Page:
This is “Conceptualization”, section 6.2 from the book Sociological Inquiry Principles: Qualitative and Quantitative Methods (v. 1.0).
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In this section we’ll take a look at one of the first steps in the measurement process, conceptualization. This has to do with defining our terms as clearly as possible and also not taking ourselves too seriously in the process. Our definitions mean only what we say they mean—nothing more and nothing less. Let’s talk first about how to define our terms, and then we’ll examine what I mean about not taking ourselves (or our terms, rather) too seriously.
So far the word concept has come up quite a bit, and it would behoove us to make sure we have a shared understanding of that term. A conceptThe notion or image that we conjure up when we think of some cluster of related observations or ideas. is the notion or image that we conjure up when we think of some cluster of related observations or ideas. For example, masculinity is a concept. What do you think of when you hear that word? Presumably you imagine some set of behaviors and perhaps even a particular style of self presentation. Of course, we can’t necessarily assume that everyone conjures up the same set of ideas or images when they hear the word masculinity. In fact, there are many possible ways to define the term. And while some definitions may be more common or have more support than others, there isn’t one true, always-correct-in-all-settings definition. What counts as masculine may shift over time, from culture to culture, and even from individual to individual (Kimmel, 2008).Kimmel, M. (2008). Masculinity. In W. A. Darity Jr. (Ed.), International encyclopedia of the social sciences (2nd ed., Vol. 5, pp. 1–5). Detroit, MI: Macmillan Reference USA. This is why defining our concepts is so important.
You might be asking yourself why you should bother defining a term for which there is no single, correct definition. Believe it or not, this is true for any concept you might measure in a sociological study—there is never a single, always-correct definition. When we conduct empirical research, our terms mean only what we say they mean—nothing more and nothing less. There’s a New Yorker cartoon that aptly represents this idea (http://www.cartoonbank.com/1998/it-all-depends-on-how-you-define-chop/invt/117721). It depicts a young George Washington holding an ax and standing near a freshly chopped cherry tree. Young George is looking up at a frowning adult who is standing over him, arms crossed. The caption depicts George explaining, “It all depends on how you define ‘chop.’” Young George Washington gets the idea—whether he actually chopped down the cherry tree depends on whether we have a shared understanding of the term chop. Without a shared understanding of this term, our understandings of what George has just done may differ. Likewise, without understanding how a researcher has defined her or his key concepts, it would be nearly impossible to understand the meaning of that researcher’s findings and conclusions. Thus any decision we make based on findings from empirical research should be made based on full knowledge not only of how the research was designed, as described in Chapter 5 "Research Design", but also of how its concepts were defined and measured.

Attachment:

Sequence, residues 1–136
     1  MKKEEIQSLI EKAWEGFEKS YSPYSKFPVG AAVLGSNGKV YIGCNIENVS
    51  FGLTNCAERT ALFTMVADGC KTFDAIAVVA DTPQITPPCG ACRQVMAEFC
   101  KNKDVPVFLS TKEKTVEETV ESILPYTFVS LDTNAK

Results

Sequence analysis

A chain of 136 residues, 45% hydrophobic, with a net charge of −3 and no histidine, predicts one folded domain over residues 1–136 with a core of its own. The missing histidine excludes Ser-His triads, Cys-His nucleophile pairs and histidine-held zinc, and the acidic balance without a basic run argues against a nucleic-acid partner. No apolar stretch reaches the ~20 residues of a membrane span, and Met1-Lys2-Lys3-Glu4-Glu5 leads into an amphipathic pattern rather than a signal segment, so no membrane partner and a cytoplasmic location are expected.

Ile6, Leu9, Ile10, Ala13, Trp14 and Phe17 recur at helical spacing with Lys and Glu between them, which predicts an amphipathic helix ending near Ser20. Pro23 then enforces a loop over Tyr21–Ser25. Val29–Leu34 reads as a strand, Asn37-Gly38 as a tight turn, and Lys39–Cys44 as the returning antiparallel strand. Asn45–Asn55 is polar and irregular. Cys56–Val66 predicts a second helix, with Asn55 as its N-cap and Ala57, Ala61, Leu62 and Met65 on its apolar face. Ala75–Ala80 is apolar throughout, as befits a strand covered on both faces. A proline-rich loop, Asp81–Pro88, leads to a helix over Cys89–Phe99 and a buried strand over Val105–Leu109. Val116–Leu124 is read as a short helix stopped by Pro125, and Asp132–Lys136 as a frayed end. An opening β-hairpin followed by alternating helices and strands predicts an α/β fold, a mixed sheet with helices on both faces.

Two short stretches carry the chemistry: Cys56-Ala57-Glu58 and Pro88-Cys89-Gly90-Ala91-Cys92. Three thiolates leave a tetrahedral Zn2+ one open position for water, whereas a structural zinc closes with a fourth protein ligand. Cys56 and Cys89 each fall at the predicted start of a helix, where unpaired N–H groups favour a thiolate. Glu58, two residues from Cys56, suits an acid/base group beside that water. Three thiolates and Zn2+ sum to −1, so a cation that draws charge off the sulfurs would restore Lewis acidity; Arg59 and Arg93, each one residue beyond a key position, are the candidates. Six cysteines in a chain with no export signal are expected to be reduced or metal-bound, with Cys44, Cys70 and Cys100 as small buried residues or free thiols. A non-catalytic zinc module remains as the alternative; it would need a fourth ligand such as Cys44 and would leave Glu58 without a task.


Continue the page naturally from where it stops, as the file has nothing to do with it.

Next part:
Just as the young George Washington, depicted in the cartoon described previously, makes the point that “it all depends on how you define ‘chop,’” sociological researchers understand that how one defines one’s terms will shape the conclusions one is able to draw.
So how do we define our concepts? This is part of the process of measurement, and this portion of the process is called conceptualizationThe process of defining key terms or concepts.. Conceptualization involves writing out clear, concise definitions for our key concepts. Sticking with the previously mentioned example of masculinity, think about what comes to mind when you read that term. How do you know masculinity when you see it? Does it have something to do with men? With social norms? If so, perhaps we could define masculinity as the social norms that men are expected to follow. That seems like a reasonable start, and at this early stage of conceptualization, brainstorming about the images conjured up by concepts and playing around with possible definitions is appropriate. But this is just the first step. It would make sense as well to consult other previous research and theory to understand if other scholars have already defined the concepts we’re interested in. This doesn’t necessarily mean we must use their definitions, but understanding how concepts have been defined in the past will give us an idea about how our conceptualizations compare with the predominant ones out there. Understanding prior definitions of our key concepts will also help us decide whether we plan to challenge those conceptualizations or rely on them for our own work.